(MONEY Magazine) – Q. My house burned down a year ago. I have insurance that's supposed to cover replacement costs, but the insurance company made a lowball offer. Then it cut off my living expenses reimbursement. I hired a public adjuster to help me with the claim, but now the insurer won't return my calls. Help! ROBERT MOSLEY, GREENBURGH, N.Y.
A. There's no tangle like a claims tangle, but we sorted out what went wrong. First, let's talk about your policy. You purchased guaranteed full-replacement-cost coverage, which is supposed to help you get your home back to the exact condition it was in before the claim. Smart move. These policies typically include construction, materials and architectural costs associated with replacing your 1955-era home. But there are limits. No remodeling is allowed, for instance; so if you want to replace your old claw-foot tub with a Jacuzzi, you pay the difference. One thing that can really burn a policyholder: Full-replacement policies don't cover construction associated with building-code updates required by a municipality (typically in areas like electrical wiring and plumbing). For those costs to be picked up by your insurer, MetLife, you'd have to have purchased an additional coverage called an ordinance or law endorsement. You didn't. Those costs will be your responsibility, so budget accordingly. (And consider upgrading your policy every five to 10 years—building codes can change frequently.)
Remember, Robert: The claims process in in the end a negotiating process. So we asked MetLife senior rep David Hammarstrom for the scoop on its seemingly low estimate. He says that in cases like these MetLife suggests a third-party reviewer, known in the insurance biz as a backup contractor, to resolve the dispute—someone local and respected in the community. "That contractor will review the current estimate, walk the premises and tell us if we have to revise our estimate upward," says Hammarstrom.
As for your unpaid living expenses, Hammarstrom says your policy does indeed cover additional living expenses (ALEs) to help pay the rent while you resolve your claim and reconstruction is completed. The great news: Your ALE coverage is still in effect. The not-so-great: There was a snafu. After MetLife submitted its unsatisfactory rebuilding estimate, you hired a public insurance adjuster to go to bat for you. (A public adjuster is a claims expert who represents the policyholder in insurance payout negotiations. Certified adjusters can be found via napia.com.) Another smart move, in theory. But your adjuster didn't ask you for, or submit on your behalf, the ALE paperwork MetLife needed. (He told me he didn't know he was supposed to.) There's the rub: Because your insurance company is now obligated to speak to your rep, not you, your calls and letters went unanswered. "If the public adjuster does not submit the bills," Hammarstrom says, "we don't know that they've been incurred." Of course, red tape can cut both ways. You lost your first contact at MetLife after he was promoted; your current contact there has only had the case a few months. I'd say miscommunications on both sides were factors here.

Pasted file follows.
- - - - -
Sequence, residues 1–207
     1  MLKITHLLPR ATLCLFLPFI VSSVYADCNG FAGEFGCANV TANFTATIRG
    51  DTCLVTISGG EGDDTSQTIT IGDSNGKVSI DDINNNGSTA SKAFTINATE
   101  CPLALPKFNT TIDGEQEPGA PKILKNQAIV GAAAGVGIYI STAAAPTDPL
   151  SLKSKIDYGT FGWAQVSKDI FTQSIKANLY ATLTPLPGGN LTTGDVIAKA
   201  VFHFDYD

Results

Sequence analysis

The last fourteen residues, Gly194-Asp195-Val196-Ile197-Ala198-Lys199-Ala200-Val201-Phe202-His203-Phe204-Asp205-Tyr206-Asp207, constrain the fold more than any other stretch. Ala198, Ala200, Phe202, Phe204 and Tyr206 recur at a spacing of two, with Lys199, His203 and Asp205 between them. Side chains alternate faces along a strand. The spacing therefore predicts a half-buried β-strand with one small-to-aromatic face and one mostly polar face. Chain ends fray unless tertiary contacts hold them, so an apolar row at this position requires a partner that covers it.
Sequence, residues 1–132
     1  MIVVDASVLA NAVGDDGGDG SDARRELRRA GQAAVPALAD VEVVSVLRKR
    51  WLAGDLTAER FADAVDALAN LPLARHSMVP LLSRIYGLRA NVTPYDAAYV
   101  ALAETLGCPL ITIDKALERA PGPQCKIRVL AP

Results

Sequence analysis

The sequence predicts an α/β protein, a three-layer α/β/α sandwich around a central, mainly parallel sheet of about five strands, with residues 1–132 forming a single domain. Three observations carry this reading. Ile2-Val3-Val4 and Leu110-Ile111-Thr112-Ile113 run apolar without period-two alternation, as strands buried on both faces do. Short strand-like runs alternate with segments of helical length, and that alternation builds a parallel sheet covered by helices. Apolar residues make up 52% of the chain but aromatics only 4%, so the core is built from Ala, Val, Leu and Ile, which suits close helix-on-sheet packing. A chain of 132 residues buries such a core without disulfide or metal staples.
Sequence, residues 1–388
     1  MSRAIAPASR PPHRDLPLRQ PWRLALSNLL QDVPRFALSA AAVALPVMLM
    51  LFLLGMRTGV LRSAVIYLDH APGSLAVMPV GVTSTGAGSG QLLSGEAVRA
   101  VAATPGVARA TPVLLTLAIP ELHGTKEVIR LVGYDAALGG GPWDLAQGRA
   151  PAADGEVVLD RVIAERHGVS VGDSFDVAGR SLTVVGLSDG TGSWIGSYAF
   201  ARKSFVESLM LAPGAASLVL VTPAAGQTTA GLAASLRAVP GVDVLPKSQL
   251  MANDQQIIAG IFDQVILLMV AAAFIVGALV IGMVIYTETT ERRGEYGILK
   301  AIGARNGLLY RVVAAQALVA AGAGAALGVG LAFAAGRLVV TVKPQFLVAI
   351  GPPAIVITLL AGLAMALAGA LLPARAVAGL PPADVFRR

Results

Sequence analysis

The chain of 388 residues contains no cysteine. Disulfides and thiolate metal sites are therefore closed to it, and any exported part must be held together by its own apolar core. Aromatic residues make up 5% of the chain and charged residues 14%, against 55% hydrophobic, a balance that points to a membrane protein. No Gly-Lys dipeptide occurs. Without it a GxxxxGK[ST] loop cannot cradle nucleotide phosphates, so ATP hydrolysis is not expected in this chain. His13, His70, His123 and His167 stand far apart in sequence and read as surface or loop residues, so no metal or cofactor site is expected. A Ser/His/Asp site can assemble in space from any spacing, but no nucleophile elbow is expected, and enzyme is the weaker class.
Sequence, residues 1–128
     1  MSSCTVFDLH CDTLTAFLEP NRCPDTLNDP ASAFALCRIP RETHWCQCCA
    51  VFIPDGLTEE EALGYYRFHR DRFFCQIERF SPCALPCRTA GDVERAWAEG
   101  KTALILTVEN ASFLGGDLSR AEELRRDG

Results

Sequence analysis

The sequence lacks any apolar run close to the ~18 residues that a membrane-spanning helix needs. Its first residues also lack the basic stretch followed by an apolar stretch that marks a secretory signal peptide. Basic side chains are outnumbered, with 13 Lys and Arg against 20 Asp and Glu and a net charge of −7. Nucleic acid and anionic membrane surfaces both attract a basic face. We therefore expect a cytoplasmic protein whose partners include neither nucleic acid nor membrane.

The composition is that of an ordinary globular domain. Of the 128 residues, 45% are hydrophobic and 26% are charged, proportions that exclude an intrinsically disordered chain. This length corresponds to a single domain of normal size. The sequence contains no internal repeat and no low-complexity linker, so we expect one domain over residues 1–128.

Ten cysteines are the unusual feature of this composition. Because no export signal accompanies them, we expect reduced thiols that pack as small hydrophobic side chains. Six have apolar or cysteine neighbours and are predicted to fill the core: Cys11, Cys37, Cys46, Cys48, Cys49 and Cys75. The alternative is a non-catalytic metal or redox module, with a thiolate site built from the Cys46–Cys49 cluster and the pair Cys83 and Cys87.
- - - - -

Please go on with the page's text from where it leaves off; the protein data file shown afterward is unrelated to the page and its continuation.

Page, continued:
So as we went to press, you had just had a group meeting at the homesite with four (count 'em: four!) MetLife folks and your public adjuster. The MetLifers came armed with checks for a little over $21,000 to reimburse you for the living expenses you'd been shelling out for nearly six months. Good luck rebuilding, Robert. And invite us to your housewarming!N